log p(y x0:n ) in between p and any arbitrary point q , with n not fixed. by the boundary. Inclusion of the second-order dynamic

6
model with a relatively tightly set parameter   = 0:05 rad,
imposes enough smoothness for JetStream to capture the
boundary of this example, entirely automatically, given just
a starting point and direction.

Figure 9. Extracting roads with ribbon model. Using
a ribbon-like extension of contour model enables a stable
extraction of roads, even with fixed width in this example.
JetStream LiveWire LiveWire
Figure 8. Automatic texture rejection. A fragment of a
woman’s skirt is detected here in several alternative ways:
xi
(Left) JetStream, given just the starting point (dark dot)
xi xi 2 xi 1
and direction; (Middle) LiveWire, given two fixed end- 3
points (with parameters set to default values [15]); (Right) mi
LiveWire with an additional four fixed points. mi 1 xi
xi 1
xi 3 2 x+
xi
i
x+
5 Road extraction x+
i 3 i 1
x+
i 2
The problem of extracting, automatically or semi-
automatically, roads from aerial and satellite images has re- Figure 10. The ribbon-process geometry. Two contours
ceived a great deal of attention, e.g., [6, 12, 17]. JetStream are now tracked simultaneously at a varying distance m
provides a new tool to address this problem. from the middle path.
As we saw in the previous section the contextual infor-
mation JetStream conveys is already sufficient to improve
a lot on the minimum cost pixel chain provided dynamic
We have chosen a simple first-order dynamics for m i :
programming (DP) from the same starting point: JetStream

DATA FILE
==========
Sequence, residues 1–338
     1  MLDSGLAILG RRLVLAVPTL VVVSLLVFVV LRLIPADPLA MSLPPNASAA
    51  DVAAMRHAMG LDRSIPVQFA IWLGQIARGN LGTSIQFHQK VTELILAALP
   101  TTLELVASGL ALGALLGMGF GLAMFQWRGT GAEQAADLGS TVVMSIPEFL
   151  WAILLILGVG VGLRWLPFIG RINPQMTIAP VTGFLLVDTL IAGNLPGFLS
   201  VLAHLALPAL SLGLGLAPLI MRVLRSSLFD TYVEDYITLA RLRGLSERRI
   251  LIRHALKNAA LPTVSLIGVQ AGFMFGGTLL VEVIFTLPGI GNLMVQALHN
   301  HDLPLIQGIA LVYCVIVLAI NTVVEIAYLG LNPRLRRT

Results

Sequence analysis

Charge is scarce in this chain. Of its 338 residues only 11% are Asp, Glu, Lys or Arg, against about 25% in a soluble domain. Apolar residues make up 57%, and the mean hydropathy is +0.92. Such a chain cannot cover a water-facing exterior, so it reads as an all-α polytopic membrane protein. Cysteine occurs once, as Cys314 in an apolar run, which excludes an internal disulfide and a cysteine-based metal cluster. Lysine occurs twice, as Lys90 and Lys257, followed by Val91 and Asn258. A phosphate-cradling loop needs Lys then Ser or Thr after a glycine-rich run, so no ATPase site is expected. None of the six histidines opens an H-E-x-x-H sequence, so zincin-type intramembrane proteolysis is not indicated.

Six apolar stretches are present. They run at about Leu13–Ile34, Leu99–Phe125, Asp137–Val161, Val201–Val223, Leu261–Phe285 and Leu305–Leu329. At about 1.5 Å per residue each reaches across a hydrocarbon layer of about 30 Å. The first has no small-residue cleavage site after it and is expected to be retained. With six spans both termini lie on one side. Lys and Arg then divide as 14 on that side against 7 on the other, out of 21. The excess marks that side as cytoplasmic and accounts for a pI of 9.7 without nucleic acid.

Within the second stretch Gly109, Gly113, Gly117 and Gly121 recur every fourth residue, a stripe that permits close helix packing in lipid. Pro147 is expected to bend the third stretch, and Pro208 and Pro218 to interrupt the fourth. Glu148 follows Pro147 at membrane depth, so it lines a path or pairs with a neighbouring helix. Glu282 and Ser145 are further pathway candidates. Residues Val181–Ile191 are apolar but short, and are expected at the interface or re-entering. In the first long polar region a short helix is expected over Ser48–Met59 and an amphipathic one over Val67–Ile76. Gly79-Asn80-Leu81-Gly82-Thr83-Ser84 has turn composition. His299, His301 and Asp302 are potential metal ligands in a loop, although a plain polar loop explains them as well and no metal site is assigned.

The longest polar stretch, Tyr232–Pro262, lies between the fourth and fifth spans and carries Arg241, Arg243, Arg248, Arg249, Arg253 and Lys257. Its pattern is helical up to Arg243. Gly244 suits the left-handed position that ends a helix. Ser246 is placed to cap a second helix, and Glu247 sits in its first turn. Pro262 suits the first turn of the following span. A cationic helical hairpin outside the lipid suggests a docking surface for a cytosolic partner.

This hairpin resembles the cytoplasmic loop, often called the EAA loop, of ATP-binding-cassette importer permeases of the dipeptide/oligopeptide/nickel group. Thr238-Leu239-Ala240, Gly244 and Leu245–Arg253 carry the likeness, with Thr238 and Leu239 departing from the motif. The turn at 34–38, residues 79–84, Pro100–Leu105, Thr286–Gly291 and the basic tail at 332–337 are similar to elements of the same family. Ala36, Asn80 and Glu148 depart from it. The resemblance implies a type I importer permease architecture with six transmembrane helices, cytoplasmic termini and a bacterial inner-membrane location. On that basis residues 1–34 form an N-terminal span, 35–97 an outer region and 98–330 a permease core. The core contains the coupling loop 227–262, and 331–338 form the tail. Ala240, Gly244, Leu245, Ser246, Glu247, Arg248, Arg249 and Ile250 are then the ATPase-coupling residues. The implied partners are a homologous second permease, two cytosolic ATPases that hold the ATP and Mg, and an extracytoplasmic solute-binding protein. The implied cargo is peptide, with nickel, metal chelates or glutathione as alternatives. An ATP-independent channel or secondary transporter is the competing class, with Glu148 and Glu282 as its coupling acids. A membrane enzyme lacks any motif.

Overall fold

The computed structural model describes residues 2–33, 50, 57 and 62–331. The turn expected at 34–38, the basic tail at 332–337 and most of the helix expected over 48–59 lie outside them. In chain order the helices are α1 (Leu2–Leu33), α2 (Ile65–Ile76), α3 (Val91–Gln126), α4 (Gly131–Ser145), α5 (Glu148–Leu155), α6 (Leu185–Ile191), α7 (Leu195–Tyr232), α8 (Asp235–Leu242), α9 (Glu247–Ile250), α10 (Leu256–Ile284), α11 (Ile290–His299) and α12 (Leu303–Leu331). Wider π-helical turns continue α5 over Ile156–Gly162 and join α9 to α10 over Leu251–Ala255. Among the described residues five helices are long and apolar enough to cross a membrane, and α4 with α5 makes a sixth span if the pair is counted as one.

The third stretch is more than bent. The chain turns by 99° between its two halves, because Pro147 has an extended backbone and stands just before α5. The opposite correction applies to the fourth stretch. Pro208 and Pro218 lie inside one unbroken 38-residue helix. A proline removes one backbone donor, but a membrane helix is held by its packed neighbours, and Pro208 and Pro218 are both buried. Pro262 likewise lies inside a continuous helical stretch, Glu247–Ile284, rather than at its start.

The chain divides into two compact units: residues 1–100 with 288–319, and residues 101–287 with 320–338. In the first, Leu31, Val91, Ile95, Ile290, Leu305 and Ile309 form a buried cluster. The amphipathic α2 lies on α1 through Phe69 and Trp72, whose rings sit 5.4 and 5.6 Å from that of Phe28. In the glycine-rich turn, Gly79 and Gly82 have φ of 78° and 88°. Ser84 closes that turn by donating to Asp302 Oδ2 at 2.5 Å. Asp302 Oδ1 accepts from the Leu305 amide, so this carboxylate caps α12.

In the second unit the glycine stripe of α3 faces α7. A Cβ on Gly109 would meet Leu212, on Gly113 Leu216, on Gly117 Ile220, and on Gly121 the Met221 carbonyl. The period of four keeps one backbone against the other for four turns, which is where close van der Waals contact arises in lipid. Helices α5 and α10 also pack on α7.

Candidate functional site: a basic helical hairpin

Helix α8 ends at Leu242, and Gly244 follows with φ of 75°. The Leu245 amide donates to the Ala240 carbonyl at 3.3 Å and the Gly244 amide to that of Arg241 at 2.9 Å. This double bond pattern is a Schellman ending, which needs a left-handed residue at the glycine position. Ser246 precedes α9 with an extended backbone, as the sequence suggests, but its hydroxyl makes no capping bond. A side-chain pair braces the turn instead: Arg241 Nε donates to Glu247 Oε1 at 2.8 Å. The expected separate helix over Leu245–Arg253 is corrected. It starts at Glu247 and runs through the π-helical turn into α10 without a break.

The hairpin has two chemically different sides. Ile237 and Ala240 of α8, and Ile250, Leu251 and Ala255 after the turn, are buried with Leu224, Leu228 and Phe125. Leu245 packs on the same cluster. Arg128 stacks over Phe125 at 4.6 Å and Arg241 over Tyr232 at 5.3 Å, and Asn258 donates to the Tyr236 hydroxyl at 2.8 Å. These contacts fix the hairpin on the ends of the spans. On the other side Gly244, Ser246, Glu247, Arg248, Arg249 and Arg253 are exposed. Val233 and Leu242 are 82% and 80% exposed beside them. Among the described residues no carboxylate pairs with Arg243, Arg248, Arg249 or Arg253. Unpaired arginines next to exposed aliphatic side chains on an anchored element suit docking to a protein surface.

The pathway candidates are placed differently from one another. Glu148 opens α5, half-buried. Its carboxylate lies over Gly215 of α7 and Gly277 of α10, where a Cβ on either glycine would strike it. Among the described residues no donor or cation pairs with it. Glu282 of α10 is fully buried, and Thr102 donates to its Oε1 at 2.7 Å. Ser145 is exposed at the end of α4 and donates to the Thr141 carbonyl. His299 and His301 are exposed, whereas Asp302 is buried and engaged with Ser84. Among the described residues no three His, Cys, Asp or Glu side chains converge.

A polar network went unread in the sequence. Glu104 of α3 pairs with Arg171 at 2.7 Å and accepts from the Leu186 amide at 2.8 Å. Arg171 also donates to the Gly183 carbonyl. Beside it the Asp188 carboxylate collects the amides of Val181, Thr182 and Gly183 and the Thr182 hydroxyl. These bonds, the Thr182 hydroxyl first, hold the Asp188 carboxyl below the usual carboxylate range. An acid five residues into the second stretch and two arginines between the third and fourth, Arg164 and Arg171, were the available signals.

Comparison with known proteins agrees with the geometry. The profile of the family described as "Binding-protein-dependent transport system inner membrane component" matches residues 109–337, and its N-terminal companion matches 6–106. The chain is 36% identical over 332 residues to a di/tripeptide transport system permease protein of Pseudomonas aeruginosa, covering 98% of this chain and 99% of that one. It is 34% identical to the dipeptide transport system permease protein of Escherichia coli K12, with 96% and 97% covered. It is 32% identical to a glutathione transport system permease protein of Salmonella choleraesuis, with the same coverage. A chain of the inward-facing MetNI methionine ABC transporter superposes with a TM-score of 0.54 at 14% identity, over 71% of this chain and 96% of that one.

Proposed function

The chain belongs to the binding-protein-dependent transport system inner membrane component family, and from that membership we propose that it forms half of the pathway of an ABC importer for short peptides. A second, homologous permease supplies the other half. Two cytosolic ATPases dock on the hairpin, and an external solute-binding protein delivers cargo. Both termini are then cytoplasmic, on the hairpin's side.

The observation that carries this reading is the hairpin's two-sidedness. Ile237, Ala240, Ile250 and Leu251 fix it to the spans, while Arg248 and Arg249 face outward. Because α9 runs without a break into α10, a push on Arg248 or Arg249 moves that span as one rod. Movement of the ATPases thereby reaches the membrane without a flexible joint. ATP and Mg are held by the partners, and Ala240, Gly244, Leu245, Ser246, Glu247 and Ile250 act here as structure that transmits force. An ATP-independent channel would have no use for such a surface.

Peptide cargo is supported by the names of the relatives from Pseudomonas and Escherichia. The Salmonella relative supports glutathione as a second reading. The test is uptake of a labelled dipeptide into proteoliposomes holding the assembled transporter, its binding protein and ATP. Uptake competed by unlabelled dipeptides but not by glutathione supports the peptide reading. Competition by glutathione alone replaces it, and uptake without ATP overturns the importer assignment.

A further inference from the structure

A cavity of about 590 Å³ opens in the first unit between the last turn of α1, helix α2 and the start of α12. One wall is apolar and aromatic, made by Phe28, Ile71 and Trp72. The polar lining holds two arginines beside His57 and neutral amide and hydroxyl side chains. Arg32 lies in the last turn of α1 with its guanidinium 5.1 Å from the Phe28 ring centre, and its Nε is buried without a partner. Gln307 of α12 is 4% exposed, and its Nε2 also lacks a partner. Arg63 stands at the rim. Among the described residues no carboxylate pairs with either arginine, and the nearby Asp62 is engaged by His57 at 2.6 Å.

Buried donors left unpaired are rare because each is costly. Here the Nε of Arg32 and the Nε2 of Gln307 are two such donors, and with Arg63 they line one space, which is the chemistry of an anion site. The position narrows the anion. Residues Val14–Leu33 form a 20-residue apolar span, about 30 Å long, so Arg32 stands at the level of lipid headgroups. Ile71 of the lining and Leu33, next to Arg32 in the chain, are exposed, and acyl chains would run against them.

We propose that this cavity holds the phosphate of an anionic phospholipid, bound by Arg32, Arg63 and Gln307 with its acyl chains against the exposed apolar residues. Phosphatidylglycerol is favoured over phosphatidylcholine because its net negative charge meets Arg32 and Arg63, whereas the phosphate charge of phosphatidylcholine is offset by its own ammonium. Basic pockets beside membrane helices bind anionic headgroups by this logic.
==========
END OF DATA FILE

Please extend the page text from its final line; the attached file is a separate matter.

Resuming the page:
output is less jaggy, and, in many cases, the DP path snaps mi+1 = mi + vi ; vi i:
i:d: N (0; d 2 ):
m (15)
to undesirable surrounding contours, including remote ones.
However, in the specific context of road extraction, one is The parameter  m 2 captures (invariantly to the magnitude
in fact interested in recovering “ribbons”. Using JetStream of d) the statistical rate of growth of the ribbon width, in
as defined previously results in paths jumping from one side units of width variance per unit road length. Setting this
of the ribbon to the other as shown in Fig. 9. parameter to zero (i.e., using a fixed width ribbon) already
The flexibility of JetStream enables easy incorporation provides interesting results as shown in Fig. 9.
of this new geometric element to the model. The state- For a better tracking, this parameter can be estimated
space is extended to include a width variable m i , which from digitized road maps at the right scale. For the 1:25000
indicates the distance at step i between the two sides of aerial photographs we used for instance, we found  m =
the ribbon (Fig. 10). These two sides being standard con- 0:005. Note that the variance parameter of the dynamical
tours, the data likelihood is an immediate extension of the model can be learnt the same way. For 1:25000 aerial pho-
one presented so far. It expresses that x +
i and xi defined as
tographs we found   = 0:05rad.
(xi xi 1 )?
xi  mi jxi xi 1 j are on a contour while x i is not:
As shown in Fig. 11, this simple width dynamics already
proves effective to track the changes in road width. The
Y pon(y(x+i ))pon (y(xi )) right of Fig. 1 provides an other result sample of ribbon
j
p(y x0:n ; m0:n ) = po (y)
po (y (x+
: (14) tracking, including one drastic change of direction (at the
i i ))po (y (xi )) crossing).

7
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Acknowledgements

The second author thanks Michael Isard for preliminary
discussions on this work. All aerial photographs are cour-
tesy of The GeoInformation Group.